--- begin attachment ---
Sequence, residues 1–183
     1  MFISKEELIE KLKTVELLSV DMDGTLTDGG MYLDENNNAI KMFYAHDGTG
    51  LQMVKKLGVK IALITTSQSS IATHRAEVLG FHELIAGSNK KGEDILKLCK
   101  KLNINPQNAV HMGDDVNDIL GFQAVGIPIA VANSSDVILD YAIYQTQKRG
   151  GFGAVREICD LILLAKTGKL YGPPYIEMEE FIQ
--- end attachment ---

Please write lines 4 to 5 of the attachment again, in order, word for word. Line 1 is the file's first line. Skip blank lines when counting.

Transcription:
   101  KLNINPQNAV HMGDDVNDIL GFQAVGIPIA VANSSDVILD YAIYQTQKRG
   151  GFGAVREICD LILLAKTGKL YGPPYIEMEE FIQ